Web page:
Installing Node.js on Linux
If you're running Linux, and are in any way interested in using Node.js, then your first port of call would by the package manager used by your distro (apt on Debian and Ubuntu, or Yum on Fedora/RedHat.) The problem is, even if you're running a completely bleeding-edge distro, your Node version will probably be quite out of date. So what are your options? A bit of research gave me several options:
- Using Linux Brew, which is a Linux version of Homebrew for Mac
- Compiling from source
- Updating Node from the version of NPM that comes with the distro
Using Linux Brew
This seemed to be the preferred option, as it was a port of the method used by MacOS. The first step was to ensure all the prerequisites were installed, which was pretty simple (and most of them were already installed on my system). One thing that I did note is that the listed dependencies on the GitHub page (https://github.com/Homebrew/linuxbrew/wiki/Standalone-Installation#dependencies) didn't mention about installing the development tools group of tools:
sudo yum groupinstall 'Development Tools'
After getting these installed, the next step was to install Brew and add it in to the path:
ruby -e "$(curl -fsSL https://raw.githubusercontent.com/Homebrew/linuxbrew/go/install)" export PATH="$HOME/.linuxbrew/bin:$PATH" export MANPATH="$HOME/.linuxbrew/share/man:$MANPATH" export INFOPATH="$HOME/.linuxbrew/share/info:$INFOPATH"
and then use Brew to install the latest version of Node:
brew install node
This was where I ran into problems with Brew complaining that it couldn't find GCC (which was definitely installed) and asking me to install it with Brew.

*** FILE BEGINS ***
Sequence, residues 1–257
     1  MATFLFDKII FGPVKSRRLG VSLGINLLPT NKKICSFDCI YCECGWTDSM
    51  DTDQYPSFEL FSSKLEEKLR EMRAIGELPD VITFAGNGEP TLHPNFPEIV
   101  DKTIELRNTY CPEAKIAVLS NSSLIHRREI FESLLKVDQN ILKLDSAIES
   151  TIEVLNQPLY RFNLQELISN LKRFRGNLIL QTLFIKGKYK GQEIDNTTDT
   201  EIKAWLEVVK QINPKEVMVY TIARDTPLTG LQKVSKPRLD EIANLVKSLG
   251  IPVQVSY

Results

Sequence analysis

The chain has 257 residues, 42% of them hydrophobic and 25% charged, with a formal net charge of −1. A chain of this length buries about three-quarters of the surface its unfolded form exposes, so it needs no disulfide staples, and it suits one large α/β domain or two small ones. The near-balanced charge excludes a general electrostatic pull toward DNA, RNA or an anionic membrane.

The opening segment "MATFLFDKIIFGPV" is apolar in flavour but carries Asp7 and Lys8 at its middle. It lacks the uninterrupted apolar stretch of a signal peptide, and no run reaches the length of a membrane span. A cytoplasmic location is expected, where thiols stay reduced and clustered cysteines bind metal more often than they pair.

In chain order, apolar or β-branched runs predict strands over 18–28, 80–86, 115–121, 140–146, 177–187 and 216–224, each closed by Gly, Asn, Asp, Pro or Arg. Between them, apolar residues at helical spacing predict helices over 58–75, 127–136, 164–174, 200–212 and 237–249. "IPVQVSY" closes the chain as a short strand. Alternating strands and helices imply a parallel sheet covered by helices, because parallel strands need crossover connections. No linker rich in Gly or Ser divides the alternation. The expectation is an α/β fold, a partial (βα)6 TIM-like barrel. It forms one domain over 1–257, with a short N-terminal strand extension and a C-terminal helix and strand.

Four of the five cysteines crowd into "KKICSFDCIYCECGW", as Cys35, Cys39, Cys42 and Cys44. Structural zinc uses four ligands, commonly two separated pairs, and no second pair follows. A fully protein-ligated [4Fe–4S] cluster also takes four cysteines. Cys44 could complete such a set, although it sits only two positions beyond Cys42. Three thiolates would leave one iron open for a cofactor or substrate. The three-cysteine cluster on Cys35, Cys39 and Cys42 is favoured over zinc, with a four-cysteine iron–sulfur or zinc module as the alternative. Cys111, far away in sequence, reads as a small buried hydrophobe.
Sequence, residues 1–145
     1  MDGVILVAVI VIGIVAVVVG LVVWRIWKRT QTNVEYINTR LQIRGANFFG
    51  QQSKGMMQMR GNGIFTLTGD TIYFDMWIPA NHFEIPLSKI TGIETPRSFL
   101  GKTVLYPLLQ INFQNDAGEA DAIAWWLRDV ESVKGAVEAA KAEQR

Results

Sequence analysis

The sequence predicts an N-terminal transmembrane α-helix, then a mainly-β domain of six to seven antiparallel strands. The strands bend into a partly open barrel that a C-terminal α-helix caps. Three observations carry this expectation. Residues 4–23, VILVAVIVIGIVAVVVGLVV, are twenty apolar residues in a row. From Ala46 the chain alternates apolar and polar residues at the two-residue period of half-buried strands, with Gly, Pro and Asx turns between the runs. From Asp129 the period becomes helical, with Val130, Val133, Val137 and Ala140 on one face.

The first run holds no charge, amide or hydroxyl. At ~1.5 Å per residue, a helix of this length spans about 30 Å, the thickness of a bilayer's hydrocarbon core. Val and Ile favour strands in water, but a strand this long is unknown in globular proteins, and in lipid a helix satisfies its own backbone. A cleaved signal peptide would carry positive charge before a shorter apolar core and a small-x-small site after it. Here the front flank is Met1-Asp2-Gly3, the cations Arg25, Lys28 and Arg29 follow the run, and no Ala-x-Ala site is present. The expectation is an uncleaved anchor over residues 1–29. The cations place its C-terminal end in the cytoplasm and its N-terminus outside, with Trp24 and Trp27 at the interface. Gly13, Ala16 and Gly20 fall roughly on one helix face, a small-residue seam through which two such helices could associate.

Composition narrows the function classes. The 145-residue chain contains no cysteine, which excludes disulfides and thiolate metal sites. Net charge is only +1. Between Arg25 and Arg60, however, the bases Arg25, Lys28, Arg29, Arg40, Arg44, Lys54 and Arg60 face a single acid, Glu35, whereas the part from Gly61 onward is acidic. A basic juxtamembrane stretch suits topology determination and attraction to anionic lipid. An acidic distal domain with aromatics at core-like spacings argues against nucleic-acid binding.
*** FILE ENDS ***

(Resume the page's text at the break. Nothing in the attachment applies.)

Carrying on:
The exact error I was getting was this:
ccache: FATAL: Could not find compiler “gcc4.7” in PATH Error: pkg-config cannot be built with any available compilers - To install this formular you may need to: brew install gcc
This is not a very Linux way of behaving, leaving all kinds of versions of things all over the place. It seems that this is a bit of a known problem with Brew not correctly detecting the versions of things installed on the system.
The solution apparently is to create symlinks for the version of GCC that Brew is looking for, to point to the current version of GCC installed. This worked up until a point (after restarting a console session) but it just led to more and more unfulfilled requirements.
If you are able to get it running, it's worth noting that the install step takes a long while to run, so if it looks like it's hung, go off and make a cup of tea (or several) as you will be waiting around a while.
Compiling From Source
This is the standard compile, make, and install routine that anyone familiar with Linux will have gone through at one time of another. Given my “success” with the previous method, I wasn't going to waste a lot of time with this if I didn't need to.
The configure step worked as intended, but the make step bombed out with
Error 2. A bit of Googling suggested that one way to overcome this (beyond ensuring dependencies were set up, which were from the first install method) was to run the configure step with the
--without-snapshot flag. Unfortunately, this also had no affect, so I just gave up on this method as a waste of time (just the make step took over ½ an hour to run.)
Personally, I'm not a big fan of compiling from source, as you lose out on the advantages that a package manager gives you, but it did seem the next logical method to try after Brew.
Installing Through NPM
The final method left open to me was to try updating Node through NPM itself. If you didn't have NPM installed already, you can install this through the standard Linux package manager for the distro you're running. It doesn't actually matter that it's not the latest version, as we'll be updating it in the next step (you'll need to run these steps as root with
npm cache clean -f # this step just ensures that any local cache is force cleaned npm install -g n # installs node globally, n is a shortcut syntax n stable
This worked first time without any issues, and very quickly compared to the previous methods, bringing my Node version right up to 5, the latest stable version.
You may get better mileage out of the previous two methods I tried, and it does seem like the first one is what a lot of people have been using. Whichever you choose, you'll hopefully find this useful with installing and updating Node.js on your own Linux machine.